In the past, Gov. Rick Perry has made maintaining the fund's $8.1 billion a top priority. When Democrats wanted to tap the fund last year to avoid cutting $5.4 billion in school funding, Perry said such a move was fiscally unwise.
Yet on Thursday, Dewhurst told the Dallas Regional Chamber that lawmakers should consider taking $1 billion from the fund to start a "water infrastructure development bank" to help cities and counties pay for environmental studies, permits and other groundwork for new construction. He said the fund could also help the state build more roads.
"I think, as a fiscal conservative, we could draw down a little bit and still keep a very healthy balance in the Rainy Day Fund," said Dewhurst, who presides over the Texas Senate.
Dewhurst was clearly letting the public in on an idea already circulating around the Capitol. No conservatives immediately denounced the suggestion and Perry's spokeswoman said the governor was ready to talk about such solutions to the state's water problems. Business and environmental groups praised the recommendation.
Dewhurst's recommendation fits within Perry's Texas Budget Compact, a conservative fiscal agenda the governor announced earlier this year.
"An adequate Rainy Day Fund is critical to our ability to respond to and recover from disasters and emergencies, whether they're natural or man-made," the compact states. "When we do pay money out of the fund, it's important it be used exclusively for one-time-only needs, and never be tapped simply to meet ongoing expenses."
The Legislature created the Economic Stabilization Fund -- as it's officially known -- in 1987 from oil and gas taxes to deal with swings in the state's economy due to the unstable price of petroleum products. Lawmakers have drawn from the fund in 12 of the last 22 years.
In 2003, Perry and the Legislature nearly drained the fund when the Texas economy suffered and tax revenues plummeted. The fund was last tapped in 2011 when Perry and lawmakers used $3.7 billion to make up a budget deficit, a move required by the Texas Constitution.
But tapping the fund to create an infrastructure development bank is more in keeping with how Republicans want to use the fund in the future. Perry tapped the Rainy Day Fund to create his Texas Enterprise Fund in 2003 and his Emerging Technology Fund in 2005.
Perry uses those funds to convince companies to open shop in Texas or invest in promising start-ups already in the state. His office says those funds bring economic development to Texas and more than pay for themselves.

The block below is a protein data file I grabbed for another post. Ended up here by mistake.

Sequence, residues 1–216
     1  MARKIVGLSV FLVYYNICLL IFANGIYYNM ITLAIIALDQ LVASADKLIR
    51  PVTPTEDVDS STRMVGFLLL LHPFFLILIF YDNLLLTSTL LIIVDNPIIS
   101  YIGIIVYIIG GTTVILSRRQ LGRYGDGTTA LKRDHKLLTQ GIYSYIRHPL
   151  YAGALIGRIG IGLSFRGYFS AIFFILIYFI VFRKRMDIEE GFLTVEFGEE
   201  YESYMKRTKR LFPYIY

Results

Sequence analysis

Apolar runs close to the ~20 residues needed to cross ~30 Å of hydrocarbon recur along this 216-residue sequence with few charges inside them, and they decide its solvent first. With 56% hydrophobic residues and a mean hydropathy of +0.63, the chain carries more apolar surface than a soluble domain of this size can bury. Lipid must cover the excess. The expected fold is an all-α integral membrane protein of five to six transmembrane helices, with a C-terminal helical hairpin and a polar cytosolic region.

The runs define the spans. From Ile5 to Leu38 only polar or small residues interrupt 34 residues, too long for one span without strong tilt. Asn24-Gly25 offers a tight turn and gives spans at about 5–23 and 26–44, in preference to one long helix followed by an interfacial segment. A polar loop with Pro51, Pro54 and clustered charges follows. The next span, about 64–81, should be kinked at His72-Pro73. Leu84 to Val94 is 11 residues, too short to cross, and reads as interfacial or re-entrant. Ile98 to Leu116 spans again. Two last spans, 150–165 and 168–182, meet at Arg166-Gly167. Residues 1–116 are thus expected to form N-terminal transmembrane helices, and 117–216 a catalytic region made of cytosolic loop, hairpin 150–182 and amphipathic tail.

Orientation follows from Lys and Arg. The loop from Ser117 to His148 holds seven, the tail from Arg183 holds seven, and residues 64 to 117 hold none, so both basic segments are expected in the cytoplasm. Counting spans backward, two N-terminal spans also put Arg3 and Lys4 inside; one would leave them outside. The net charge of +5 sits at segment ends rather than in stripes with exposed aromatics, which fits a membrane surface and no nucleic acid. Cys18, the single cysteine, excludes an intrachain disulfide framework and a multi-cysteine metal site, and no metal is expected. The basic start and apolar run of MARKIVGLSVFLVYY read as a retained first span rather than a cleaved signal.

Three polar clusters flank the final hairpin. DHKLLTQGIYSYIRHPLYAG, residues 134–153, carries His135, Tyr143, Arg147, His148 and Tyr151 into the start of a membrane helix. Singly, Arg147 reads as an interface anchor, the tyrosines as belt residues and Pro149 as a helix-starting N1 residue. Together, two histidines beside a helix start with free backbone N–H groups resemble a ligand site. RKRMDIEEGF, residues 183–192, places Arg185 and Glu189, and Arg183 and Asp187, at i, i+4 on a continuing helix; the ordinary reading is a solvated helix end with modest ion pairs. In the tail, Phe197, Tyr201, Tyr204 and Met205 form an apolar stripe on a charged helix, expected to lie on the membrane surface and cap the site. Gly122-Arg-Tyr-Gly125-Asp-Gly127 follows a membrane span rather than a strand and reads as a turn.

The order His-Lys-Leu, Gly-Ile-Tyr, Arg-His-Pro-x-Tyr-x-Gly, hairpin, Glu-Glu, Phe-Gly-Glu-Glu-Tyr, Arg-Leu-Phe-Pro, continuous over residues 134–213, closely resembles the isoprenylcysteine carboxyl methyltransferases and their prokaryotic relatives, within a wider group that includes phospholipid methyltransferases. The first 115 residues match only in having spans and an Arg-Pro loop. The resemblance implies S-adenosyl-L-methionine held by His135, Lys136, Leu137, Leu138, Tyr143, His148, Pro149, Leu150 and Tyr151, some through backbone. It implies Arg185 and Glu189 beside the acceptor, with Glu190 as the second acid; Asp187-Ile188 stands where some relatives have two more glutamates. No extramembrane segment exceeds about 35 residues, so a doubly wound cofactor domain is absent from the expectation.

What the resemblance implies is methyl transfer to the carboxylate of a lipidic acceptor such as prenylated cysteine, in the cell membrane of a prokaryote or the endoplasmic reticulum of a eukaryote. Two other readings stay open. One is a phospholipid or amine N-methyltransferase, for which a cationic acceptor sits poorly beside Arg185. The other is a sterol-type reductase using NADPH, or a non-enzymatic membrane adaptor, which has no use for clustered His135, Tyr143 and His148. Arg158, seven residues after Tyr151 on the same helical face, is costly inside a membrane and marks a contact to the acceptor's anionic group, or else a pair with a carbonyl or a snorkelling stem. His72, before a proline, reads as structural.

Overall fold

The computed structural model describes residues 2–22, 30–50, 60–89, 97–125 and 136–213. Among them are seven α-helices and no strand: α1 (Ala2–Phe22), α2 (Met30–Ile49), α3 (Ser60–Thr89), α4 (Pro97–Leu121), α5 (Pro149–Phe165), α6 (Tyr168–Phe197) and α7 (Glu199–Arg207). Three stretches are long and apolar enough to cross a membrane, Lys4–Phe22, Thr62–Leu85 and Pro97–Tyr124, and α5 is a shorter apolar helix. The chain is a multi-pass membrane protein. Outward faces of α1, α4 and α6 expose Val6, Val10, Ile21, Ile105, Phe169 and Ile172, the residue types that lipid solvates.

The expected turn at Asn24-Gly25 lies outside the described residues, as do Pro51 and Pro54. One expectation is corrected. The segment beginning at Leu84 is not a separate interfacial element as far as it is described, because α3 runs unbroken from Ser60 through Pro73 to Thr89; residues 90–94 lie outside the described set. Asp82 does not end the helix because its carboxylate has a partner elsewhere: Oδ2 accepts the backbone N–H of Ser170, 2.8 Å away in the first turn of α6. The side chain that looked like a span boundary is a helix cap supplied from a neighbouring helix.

A well-designed water infrastructure development bank could become a self-sustaining way for Texas to prevent major water shortages as the state's population continues to skyrocket.
A water plan approved last year by the Texas Water Development Board said the state should eventually spend $53 billion over the next half-century on new reservoirs, dams, pipelines and wells. So far the Legislature has not set aside a penny to implement the plan.
The bank could become a resource for local governments during the early development of new water resources. Those governments could eventually pay back the bank through their construction budgets, Dewhurst said.
Texas is also facing a transportation crisis after years of shrinking income from fuel taxes and $17 billion in borrowing for road building. Rather than raise fuel taxes, the Republican-controlled Legislature has been allowing the Texas Department of Transportation to cover its budget with voter-approved bond money, an approach that will end next year when the last of that money runs out.
Finally, there is another good reason to tap the fund: It could max out. The Texas Constitution limits the fund to 10 percent of general revenue collections and the present limit is $12.1 billion. Once the fund reaches its limit, those oil and gas revenues start going into the state's normal coffers.
Tapping the fund for a special purpose gives the state's leadership greater control over how the money will be spent.